This story first appeared on the TomDispatch website.
The great novelist Wallace Stegner sorted the conflicting impulses in his beloved American West into two camps. There were the “boomers” who saw the frontier as an opportunity to get rich quick and move on: the conquistadors, the gold miners, the buffalo hunters, the land scalpers, and the dam-building good ol’ boys. They are still with us, trying to drill and frack their way to Easy Street across our public lands. Then there were those Stegner called the “nesters” or “stickers” who came to stay and struggled to understand the land and its needs. Their quest was to become native.
That division between boomers and nesters is, of course, too simple. All of us have the urge to consume and move on, as well as the urge to nest, so our choices are rarely clear or final. Today, that old struggle in the American West is intensifying as heat-parched, beetle-gnawed forests ignite in annual epic firestorms, reservoirs dry up, and Rocky Mountain snow is ever more stained with blowing desert dust.
The modern version of nesters are the conservationists who try to partner with the ecosystems where they live. Wounded landscapes, for example, can often be restored by unleashing nature’s own self-healing powers. The new nesters understand that you cannot steer and control an ecosystem but you might be able to dance with one. Sage Sorensen dances with beavers.
Dances with Beavers
The dance floor is my Utah backyard, which, like most backyards out here, is a watershed. At its top is the Aquarius Plateau, the horizon I see from my deck, a gracefully rolling forest of pines and aspens that stretches for 50 miles to the south, 20 miles wide at its midpoint, and reaches 11,300 feet at its highest ridge.
The forest on top of the plateau is unique, as trees rarely grow almost two miles above sea level. That high forest is heated by the deserts that fall away around the plateau’s shoulders, culminating in the amber, bone, and honey-toned canyons of Capitol Reef National Park on its eastern flank and on the west by Grand Staircase Escalante National Monument.
During a long career with the Bureau of Land Management, Sage Sorenson saw firsthand how beavers created rich green habitat out of overgrazed and burned-over land. Now retired, he calls himself a “beaver believer” and devotes his days to monitoring and protecting scattered “remnant” beaver colonies in our region. Quietly but persistently, he advocates for their reintroduction onto stressed landscapes that need their services.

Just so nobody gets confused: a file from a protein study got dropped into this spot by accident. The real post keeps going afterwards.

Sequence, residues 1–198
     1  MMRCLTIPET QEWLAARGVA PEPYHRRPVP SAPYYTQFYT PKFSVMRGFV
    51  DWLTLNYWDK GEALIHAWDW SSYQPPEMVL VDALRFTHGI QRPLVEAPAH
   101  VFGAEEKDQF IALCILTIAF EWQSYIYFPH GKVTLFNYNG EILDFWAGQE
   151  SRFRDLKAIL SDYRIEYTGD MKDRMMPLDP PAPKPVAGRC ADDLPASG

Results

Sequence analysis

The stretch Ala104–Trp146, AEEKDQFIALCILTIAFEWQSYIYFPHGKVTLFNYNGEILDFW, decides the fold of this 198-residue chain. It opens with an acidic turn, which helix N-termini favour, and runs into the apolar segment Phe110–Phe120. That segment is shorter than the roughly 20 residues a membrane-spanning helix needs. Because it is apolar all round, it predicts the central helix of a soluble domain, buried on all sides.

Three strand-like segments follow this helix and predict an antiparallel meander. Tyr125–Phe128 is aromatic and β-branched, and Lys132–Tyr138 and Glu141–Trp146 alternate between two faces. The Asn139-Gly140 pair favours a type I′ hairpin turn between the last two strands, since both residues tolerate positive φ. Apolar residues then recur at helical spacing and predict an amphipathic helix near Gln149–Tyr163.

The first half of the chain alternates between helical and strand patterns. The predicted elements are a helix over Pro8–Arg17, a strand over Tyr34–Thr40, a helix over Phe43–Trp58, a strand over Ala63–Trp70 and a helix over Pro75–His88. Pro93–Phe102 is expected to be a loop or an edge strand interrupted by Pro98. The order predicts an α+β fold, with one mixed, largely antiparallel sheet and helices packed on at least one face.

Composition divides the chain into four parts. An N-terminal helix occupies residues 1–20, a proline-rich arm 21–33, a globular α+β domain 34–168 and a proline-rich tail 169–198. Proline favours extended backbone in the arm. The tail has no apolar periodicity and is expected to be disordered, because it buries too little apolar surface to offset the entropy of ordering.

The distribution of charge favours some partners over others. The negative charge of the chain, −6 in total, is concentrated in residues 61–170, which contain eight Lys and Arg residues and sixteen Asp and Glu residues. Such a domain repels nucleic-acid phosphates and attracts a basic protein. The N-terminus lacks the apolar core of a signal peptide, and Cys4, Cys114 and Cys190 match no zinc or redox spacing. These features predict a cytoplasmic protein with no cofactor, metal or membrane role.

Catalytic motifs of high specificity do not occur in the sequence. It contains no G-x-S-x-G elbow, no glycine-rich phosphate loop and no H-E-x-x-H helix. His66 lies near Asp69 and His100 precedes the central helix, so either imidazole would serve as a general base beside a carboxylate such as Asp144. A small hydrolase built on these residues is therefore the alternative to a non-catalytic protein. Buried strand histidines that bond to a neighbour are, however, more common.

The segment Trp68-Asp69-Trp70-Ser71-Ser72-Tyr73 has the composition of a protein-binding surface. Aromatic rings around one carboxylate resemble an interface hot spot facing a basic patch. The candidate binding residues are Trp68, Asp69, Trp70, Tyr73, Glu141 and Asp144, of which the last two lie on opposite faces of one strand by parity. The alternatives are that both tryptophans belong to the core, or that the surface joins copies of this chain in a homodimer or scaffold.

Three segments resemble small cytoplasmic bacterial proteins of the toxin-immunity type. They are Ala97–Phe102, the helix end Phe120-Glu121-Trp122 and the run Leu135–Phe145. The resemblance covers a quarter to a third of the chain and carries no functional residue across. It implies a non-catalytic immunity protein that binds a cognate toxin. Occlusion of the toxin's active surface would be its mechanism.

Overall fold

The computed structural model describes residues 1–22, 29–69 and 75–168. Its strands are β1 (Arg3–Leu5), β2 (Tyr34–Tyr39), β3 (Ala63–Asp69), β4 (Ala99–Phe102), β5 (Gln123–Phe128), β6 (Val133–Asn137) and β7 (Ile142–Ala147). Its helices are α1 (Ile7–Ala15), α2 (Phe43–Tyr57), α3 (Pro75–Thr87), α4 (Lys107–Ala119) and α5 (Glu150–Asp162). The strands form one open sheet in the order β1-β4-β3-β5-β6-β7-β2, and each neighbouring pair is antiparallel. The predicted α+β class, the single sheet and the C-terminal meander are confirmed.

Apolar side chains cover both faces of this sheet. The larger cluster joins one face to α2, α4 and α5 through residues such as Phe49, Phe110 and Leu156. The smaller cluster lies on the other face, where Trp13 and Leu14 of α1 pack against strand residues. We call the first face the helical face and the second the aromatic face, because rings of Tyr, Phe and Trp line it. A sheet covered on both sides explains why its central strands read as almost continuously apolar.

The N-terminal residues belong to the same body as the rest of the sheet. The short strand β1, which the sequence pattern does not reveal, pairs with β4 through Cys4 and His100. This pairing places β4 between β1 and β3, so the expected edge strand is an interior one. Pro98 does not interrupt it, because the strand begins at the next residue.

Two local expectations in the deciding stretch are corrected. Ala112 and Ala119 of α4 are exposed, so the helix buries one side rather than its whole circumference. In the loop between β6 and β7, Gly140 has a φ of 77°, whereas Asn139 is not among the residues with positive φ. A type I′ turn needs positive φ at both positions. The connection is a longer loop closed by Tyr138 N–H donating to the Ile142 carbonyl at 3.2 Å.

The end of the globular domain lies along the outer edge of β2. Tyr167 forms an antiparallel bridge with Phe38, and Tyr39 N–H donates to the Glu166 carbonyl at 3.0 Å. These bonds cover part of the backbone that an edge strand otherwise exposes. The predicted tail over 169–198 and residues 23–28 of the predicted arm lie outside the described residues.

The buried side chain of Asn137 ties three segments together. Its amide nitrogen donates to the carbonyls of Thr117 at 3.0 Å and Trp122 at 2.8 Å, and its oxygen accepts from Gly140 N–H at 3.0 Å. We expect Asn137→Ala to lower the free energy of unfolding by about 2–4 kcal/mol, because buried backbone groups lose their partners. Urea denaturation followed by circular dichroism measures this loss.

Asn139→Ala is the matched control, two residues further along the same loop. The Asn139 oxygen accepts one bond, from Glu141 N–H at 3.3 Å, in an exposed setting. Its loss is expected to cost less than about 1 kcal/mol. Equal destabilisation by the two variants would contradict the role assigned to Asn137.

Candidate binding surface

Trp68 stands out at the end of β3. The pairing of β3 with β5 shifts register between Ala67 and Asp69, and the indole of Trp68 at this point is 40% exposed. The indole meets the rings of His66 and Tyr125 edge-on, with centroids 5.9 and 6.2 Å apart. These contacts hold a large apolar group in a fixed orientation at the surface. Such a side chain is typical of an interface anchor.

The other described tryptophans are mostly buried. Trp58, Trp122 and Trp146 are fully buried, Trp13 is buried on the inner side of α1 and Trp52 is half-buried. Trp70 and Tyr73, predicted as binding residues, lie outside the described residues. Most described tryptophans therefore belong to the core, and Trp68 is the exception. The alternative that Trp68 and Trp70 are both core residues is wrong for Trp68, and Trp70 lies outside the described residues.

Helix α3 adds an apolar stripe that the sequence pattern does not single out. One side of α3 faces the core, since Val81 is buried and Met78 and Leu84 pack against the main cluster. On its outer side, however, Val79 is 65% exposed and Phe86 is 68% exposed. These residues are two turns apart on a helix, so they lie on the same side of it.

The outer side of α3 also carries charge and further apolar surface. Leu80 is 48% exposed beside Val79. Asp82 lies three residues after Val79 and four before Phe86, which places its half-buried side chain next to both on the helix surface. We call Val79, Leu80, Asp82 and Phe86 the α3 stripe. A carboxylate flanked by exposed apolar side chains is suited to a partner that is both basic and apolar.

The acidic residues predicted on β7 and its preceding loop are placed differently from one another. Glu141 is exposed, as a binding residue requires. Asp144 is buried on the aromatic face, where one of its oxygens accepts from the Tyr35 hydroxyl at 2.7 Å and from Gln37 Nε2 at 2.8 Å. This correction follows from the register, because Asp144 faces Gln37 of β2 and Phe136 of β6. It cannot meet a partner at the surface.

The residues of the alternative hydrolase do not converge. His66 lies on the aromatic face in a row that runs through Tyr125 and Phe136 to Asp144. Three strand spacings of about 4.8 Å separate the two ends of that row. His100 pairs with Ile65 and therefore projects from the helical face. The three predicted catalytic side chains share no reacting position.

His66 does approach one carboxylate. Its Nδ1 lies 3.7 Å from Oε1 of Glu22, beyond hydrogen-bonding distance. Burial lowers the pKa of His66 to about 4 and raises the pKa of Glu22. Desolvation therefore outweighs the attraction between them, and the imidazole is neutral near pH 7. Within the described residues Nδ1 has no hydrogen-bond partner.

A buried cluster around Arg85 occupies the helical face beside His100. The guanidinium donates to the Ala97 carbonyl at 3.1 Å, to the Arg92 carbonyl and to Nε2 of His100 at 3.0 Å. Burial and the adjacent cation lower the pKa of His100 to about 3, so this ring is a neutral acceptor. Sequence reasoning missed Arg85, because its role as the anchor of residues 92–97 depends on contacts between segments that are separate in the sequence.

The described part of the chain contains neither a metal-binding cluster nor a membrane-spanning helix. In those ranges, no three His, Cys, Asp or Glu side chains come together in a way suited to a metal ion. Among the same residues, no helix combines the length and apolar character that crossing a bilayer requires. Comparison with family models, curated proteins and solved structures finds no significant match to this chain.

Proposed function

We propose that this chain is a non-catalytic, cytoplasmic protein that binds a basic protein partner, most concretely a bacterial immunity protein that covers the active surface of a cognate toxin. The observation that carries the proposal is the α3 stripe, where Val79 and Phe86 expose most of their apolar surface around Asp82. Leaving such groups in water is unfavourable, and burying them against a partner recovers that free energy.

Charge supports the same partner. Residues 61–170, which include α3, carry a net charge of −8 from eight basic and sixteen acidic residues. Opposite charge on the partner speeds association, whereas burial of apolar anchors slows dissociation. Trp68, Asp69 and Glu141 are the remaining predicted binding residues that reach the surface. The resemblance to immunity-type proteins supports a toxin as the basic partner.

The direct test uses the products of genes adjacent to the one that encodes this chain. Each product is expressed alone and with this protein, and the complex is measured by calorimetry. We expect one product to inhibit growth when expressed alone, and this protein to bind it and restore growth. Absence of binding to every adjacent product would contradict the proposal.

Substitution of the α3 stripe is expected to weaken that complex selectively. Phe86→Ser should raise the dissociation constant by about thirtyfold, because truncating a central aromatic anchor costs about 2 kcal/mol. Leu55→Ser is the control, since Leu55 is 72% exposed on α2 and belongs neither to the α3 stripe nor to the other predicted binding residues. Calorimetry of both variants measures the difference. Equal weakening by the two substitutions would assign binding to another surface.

Beavers are the original geo-engineers. It’s no exaggeration to credit them for their major role in building the North American landscape. In pre-colonial times, there were as many as 400 million of them. They used their big buckteeth and tough paddle-tails to build dams across every stream imaginable, spreading water to a Noah’s Ark-worth of creatures that thrive in the wet habitats they create. Now, of course, they are mostly long gone from the land, and conservationists want them back.
Sorenson recently trained and got certified to trap and transport beavers in anticipation of restocking the streams that tumble down the Aquarius Plateau. He is convinced that it is only a matter of time before they are reintroduced. After all, several of those streams have already been scientifically assessed and identified as prime candidates for such a reintroduction program. But when I talked to him at a café in the small hamlet of Boulder, Utah, he was feeling discouraged.
A remnant colony of beavers along North Creek, he told me, is just about gone. Over the last two years, at least 34 of them have been illegally shot or legally trapped by a local irrigation company. Although beaver reintroduction is getting rave reviews in places like Scotland where the last one had been trapped out hundreds of years ago and Oregon where they are healing land hammered by logging, in Utah the road back will be rough.